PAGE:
Whilst we still have a long way to go, progress has been made on cervical cancer in the Commonwealth.
A blog by the Commonwealth Secretariat Health Team
This January marks Cervical Cancer Awareness Month. It provides an important opportunity to highlight the efforts that have been made to address cervical cancer in the Commonwealth, the advancements made and the milestones to come.
Commonwealth and cervical cancer
Over the last several years, the Commonwealth Secretariat has placed increased importance on addressing the Commonwealth burden of cervical cancer and, alongside governments and stakeholders, committed to working towards the elimination of the disease altogether.
The Commonwealth carries a significant cervical cancer burden, particularly in low and middle-income countries. Whilst the Commonwealth represents 30 per cent of the world’s population, it carries a 40 per cent share of global cases, and a 43 per cent share of global deaths.
If steps are not taken to radically reduce the rising incidence of cervical cancer within the Commonwealth, by 2030 the Commonwealth can expect the number of new cases to rise by 55% and the number of deaths to rise by 62%, with one woman dying in the 56 member countries every three minutes.
Cervical cancer elimination
Health Ministers expressed first a commitment to ensuring equal access to the Human Papillomavirus Virus (HPV) vaccine (most cases of cervical cancer are caused by the HPV virus) for young girls across the Commonwealth in 2021, revisiting it again in May 2022.
Recognising this as a significant issue, Commonwealth Heads of Government, at the Commonwealth Heads of Government Meeting (CHOGM) in Kigali, Rwanda in June 2022, committed to ensuring that all girls between 9 and 13 have access to the HPV jab by 2025. This landmark effort made by Commonwealth leaders highlights the Commonwealth’s preparedness and leadership in eliminating cervical cancer.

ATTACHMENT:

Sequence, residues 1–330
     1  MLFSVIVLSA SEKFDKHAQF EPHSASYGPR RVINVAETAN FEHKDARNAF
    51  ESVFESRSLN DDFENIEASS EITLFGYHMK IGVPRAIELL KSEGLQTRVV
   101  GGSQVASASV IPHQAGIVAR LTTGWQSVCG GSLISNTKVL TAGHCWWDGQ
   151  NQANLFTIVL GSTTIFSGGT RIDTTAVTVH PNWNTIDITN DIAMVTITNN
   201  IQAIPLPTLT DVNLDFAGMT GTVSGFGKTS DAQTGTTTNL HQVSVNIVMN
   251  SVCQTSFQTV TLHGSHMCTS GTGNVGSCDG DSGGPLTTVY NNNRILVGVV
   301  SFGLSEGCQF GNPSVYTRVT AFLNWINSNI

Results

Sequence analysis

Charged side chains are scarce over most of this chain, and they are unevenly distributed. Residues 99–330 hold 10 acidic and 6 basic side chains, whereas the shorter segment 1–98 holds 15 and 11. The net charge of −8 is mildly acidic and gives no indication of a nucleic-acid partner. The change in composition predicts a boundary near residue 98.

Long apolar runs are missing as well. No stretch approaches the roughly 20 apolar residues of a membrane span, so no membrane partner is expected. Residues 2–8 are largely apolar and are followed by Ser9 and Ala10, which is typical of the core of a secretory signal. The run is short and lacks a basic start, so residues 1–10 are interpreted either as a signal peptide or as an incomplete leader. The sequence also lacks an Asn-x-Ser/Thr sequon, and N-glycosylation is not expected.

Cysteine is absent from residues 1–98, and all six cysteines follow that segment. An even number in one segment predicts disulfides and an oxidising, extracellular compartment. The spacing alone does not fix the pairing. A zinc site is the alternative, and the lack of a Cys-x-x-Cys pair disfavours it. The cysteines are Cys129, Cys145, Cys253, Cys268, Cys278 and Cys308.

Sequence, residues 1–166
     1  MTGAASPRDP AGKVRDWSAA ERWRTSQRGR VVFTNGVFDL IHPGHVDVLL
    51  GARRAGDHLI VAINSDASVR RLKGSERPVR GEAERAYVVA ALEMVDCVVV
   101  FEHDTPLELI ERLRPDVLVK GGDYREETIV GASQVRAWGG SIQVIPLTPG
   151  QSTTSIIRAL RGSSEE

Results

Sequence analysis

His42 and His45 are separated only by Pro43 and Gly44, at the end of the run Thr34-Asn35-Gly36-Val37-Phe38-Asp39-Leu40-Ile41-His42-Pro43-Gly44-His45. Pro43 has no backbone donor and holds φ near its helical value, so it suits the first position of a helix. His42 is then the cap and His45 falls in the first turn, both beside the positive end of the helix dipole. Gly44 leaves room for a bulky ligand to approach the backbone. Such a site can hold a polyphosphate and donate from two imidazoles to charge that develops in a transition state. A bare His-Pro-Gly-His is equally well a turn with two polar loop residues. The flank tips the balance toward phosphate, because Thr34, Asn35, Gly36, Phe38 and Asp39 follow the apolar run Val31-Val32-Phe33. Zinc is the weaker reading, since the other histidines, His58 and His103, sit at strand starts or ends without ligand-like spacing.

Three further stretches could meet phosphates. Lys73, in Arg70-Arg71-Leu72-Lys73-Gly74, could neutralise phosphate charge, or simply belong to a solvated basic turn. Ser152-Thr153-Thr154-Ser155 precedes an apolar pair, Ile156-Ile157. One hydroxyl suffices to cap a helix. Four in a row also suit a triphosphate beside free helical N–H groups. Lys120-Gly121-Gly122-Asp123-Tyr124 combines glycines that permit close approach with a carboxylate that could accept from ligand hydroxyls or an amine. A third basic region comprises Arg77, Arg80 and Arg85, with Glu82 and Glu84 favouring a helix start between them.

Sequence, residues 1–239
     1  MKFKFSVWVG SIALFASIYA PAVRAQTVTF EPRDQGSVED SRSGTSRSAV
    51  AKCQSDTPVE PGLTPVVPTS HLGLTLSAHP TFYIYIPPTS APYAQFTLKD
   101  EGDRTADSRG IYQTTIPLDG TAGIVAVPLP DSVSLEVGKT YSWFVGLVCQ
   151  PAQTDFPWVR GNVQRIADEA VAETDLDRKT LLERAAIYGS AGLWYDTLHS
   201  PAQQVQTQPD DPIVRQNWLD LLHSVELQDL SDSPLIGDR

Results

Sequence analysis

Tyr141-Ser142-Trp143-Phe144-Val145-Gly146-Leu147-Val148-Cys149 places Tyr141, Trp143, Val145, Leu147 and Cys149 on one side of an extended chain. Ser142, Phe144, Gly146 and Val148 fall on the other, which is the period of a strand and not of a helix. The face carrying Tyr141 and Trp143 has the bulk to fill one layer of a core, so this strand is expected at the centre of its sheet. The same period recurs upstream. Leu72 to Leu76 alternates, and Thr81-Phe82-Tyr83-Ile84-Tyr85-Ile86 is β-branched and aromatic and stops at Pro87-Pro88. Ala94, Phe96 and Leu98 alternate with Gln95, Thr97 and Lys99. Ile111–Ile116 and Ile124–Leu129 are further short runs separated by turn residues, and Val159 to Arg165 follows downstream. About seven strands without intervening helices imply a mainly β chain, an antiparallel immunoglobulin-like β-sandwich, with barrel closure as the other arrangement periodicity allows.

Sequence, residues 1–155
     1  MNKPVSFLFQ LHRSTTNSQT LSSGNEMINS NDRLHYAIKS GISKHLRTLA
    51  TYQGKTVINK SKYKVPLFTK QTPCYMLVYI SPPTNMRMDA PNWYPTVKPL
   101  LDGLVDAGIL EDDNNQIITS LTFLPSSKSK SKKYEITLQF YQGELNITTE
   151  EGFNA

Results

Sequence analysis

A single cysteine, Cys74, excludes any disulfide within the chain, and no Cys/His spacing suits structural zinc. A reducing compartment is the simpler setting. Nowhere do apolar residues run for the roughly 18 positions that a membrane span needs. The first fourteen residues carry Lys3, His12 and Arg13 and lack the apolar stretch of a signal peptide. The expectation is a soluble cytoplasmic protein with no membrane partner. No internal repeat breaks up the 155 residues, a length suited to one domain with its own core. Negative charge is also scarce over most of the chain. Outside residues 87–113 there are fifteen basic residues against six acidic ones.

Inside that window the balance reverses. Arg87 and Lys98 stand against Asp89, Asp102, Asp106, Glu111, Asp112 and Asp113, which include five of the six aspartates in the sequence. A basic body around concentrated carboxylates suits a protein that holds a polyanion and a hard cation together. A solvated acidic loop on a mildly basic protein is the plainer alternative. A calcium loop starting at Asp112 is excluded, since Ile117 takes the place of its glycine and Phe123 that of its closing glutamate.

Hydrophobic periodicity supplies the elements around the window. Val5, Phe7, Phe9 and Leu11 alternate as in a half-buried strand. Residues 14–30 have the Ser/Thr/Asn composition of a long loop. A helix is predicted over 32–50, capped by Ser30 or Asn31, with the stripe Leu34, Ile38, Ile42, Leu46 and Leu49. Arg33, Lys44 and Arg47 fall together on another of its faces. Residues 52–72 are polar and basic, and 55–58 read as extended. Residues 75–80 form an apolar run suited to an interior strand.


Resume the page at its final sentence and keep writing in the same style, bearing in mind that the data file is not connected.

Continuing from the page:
With just under three years left until the end of 2025 for the Commonwealth to attain this target, Commonwealth countries must work collectively and cooperatively to address the persistent issue of deep inequity preventing many girls receiving the HPV vaccine.
Elevating the cervical cancer agenda
Recognising that the HPV vaccine is just one piece of the puzzle, with equitable access to quality screening and treatment options remaining equally pressing, several high-level meetings have continued to take place to elevate the cervical cancer agenda in the Commonwealth.
During CHOGM, high-level advocacy events were conducted including at the Commonwealth Women’s Forum, the Commonwealth Youth Forum, and Commonwealth Spouses Forum. These meetings have helped to build a wide community of advocates and leaders, focused on raising awareness of the burden of cervical cancer and to continue to push for greater progress.
Key champions have been First Ladies and spouses of Commonwealth leaders, many of whom have already launched campaigns and initiatives in their countries, but who at CHOGM pledged to work together to champion cervical cancer elimination.
In November, as part of London Global Cancer Week, the Secretariat brought together Commonwealth high commissioners, cancer survivors, advocates, members from civil society, multilateral organisations and other key stakeholders to discuss the theme ‘The Road to 2025: Achieving Elimination of Cervical Cancer in the Commonwealth’. And in collaboration with Cancer Research UK, the Commonwealth Secretariat hosted an evening at the House of Lords to discuss the pressing health inequity issues that continue to act as a barrier to cervical cancer elimination.
Partnerships to accelerate elimination efforts
Further work has been done to address the myths and misconceptions relating to cervical cancer. In partnership with the Union for International Cancer Control (UICC), the Commonwealth Secretariat compiled a publication: Conquering Cervical Cancer in the Commonwealth: Addressing Myths and Misconceptions to help provide reliable and accurate information on cervical cancer and HPV.
As we start a new year, the Commonwealth is pleased to be launching other initiatives to address its burden of cervical cancer. This includes more collaborations with youth advocates, including at the Commonwealth Youth Health Network, strengthening its research outputs through partnership with Lancet Oncology, and working together with Commonwealth champions to accelerate elimination efforts.
The Commonwealth will remain a leading advocate and driver of the elimination of cervical cancer, and with the support of its International Taskforce on Cervical Cancer Elimination, the Commonwealth Secretariat will continue to develop tools and resources to support its landmark efforts.
- Report: Conquering Cervical Cancer in the Commonwealth: Addressing Myths and Misconceptions
- Commonwealth Secretary-General: ‘Equitable access to life-saving tools can make cervical cancer history’
- Towards a cervical cancer-free Commonwealth – multistakeholder collaboration is key
- A call to action to eliminate cervical cancer in the Commonwealth
- Amy Coles Communications Officer, Communications Division, Commonwealth Secretariat